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LCOOL ACT - Gardens of Stone - 13/14 May 06

It was an early start for us on Saturday morning – up at 3.45 am (although dad had been up since 3.00am) – Sufficiently breakfasted we headed off to meet Pete and Schooner at the Eagle Hawk servo on the Federal Highway at 5am.

Hearing Pete over the radio we drove off into the dark towards Goulburn with Pete and his trusty sidekick Schooner in the Surf, followed closely by Mike, Michelle and three of the 6 tinlids in the 80 series.

Passing through Goulburn, Pete had a glitch with his ‘technology’ but this was quickly resolved and we headed off into the fog, only to be held up by a wayward Tarago all over the road.  Pete passed no problem, Mike got stuck behind for a few kms.  We have a theory as to what was causing this guy to weave all over the road but wont elaborate in polite company.

With the sun gradually appearing through the gloom we continued on via Tarana, Oberon then onto Lithgow.  Stopping for a short break to refuel cars and occupants (with Meat pies – which were good eh Schooner!) we met up with Brian at 9.00am at the Zig Zag Railway.  We thought we had the wrong place as the carpark was full of discos and rangies – Schooner was tempted to say something but he didn’t, I think his comment would have been along the lines of showing them a real Range Rover….!!

After a quick briefing as to where we were headed, it was off up the Newnes Forest Road to Bungleboori – Mitch leading and Pete playing tail end Charlie.  After an interesting drive we arrived at the Glow worm tunnel, (the road follows the track bed of the old railway that was originally used by the Shale Oil mine).

A quick brew at the parking area and then a one hour walk to the tunnel ensued.  The amount of fill used to create the embankments the old railway ran on is amazing.  In parts the old bridges have collapsed which means that walkers climb down and then cross over a wooden bridge before a steep climb back up to the path.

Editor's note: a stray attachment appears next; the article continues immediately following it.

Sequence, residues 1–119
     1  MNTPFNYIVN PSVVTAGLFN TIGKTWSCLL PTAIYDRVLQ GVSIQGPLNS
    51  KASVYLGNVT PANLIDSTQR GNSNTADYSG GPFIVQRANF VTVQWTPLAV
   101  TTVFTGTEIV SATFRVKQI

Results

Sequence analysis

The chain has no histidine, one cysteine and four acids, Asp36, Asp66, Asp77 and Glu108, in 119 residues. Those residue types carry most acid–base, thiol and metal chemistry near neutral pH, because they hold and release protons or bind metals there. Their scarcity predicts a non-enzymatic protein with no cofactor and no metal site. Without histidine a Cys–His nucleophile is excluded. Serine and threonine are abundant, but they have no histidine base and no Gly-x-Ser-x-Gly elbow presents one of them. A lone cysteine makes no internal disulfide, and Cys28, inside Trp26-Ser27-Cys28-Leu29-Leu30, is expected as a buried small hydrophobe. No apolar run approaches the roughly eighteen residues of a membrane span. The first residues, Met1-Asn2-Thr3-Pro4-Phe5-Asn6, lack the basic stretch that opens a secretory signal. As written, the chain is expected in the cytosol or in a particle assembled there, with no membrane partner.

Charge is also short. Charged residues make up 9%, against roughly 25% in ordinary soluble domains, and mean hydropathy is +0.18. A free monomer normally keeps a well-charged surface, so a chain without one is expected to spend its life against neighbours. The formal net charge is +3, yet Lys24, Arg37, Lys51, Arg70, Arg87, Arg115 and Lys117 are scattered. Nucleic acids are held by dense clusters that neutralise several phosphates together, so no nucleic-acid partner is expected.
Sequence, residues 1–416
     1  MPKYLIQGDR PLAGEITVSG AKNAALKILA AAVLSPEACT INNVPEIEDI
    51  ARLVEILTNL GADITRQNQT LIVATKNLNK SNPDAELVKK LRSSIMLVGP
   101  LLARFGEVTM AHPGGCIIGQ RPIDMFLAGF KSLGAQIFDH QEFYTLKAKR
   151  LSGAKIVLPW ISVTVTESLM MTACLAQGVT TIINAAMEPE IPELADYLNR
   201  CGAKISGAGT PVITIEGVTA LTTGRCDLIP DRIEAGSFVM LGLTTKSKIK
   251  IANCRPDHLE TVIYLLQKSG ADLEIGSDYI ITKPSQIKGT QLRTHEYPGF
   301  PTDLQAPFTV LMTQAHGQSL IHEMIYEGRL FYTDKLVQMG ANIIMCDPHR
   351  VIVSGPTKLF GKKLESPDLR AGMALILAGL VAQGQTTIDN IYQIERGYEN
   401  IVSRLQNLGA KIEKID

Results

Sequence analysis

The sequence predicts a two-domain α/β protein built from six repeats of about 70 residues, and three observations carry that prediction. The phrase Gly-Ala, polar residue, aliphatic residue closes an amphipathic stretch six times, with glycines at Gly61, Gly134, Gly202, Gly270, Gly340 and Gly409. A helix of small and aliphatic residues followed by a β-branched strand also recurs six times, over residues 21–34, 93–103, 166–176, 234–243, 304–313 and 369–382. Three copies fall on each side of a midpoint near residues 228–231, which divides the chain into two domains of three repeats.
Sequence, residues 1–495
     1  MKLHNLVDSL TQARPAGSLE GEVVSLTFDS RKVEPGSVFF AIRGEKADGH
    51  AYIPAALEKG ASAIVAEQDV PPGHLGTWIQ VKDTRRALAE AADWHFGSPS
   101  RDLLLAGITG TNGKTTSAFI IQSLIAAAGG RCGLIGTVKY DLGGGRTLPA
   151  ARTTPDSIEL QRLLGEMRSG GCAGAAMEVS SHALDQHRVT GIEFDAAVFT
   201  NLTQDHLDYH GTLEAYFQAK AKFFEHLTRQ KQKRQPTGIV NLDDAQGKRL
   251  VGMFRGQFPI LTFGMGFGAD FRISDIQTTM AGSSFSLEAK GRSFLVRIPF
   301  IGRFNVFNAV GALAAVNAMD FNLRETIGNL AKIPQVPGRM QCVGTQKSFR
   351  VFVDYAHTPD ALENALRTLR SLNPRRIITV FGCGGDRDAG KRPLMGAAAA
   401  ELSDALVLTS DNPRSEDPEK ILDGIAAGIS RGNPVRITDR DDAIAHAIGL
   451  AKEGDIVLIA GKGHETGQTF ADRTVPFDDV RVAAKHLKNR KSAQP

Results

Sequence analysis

With torches in hand we descended into the old tunnel, stopping briefly in places to peer myopically into the dark to see the blue glow of the glow-worms that now inhabit the walls and ceiling of the tunnel.  TIP: if you use your peripheral vision you will see them much better – oh and keep the noise down while you are doing it!

IMPORTANT SAFETY TIP– make sure you either have, or stay with someone who has a torch – without light, deep puddles on the floor of the tunnel will give you soggy feet at the very least, a broken ankle maybe!! – believe me I speak from experience here after losing touch with the group with torches – only thanks to Schooner who came back with his 1 million candle power torch that I found my way back to the path!. 

The other end of the tunnel was like something out of Jurassic Park – except without the dinosaurs (unless of course you count me!).  Huge tree ferns that you would pay an absolute mint for in any garden centre towered overhead.  More walking followed to an area that overlooked the Newnes Valley – immense escarpments everywhere.  It’s a testament to the construction crews when you think about how much rock was dug and blasted to make the railbed.  Shot holes can still be seen clearly in the sandstone walls.

The walk back wasn’t exhausting – the gentle gradient saw to that. Lunch and a chat about Brian’s new tyres on his car and other mods I’d like to do to the 80, then onto Blackfellows Hand road to have a look at the rock paintings of the Wollemi people.  The track wound down into a gulley where a cave under a massive overhang originally sheltered the Aboriginal people of the area.  The atmosphere here is spooky to say the least – like something is watching you.

A little further on and we stopped to climb up to the site of the rock paintings, the whole place is like being in a big cathedral with the same sense of reverence, its obvious to see why the area is special to the Wollemi people.

The group of discos has been there before us and left as we pulled in, however a bit further on we caught up with them – afternoon tea on the track and we were offered lamingtons as we went past – very civilised of them!!!  We stopped a bit further up the track for more magnificent views and left at 3.45 before heading to the campsite Brian knew of – an old site where a property used to be – but long gone now.

We arrived at the camp ground at about 4.15 and proceeded to set up for the night – yet another tip for wary campers…. Make sure that you know how to set your tent up before you go camping.  Michelle and I had bought ourselves a new touring tent – thankfully we learn very quickly and it wasn’t long before we had our tent up.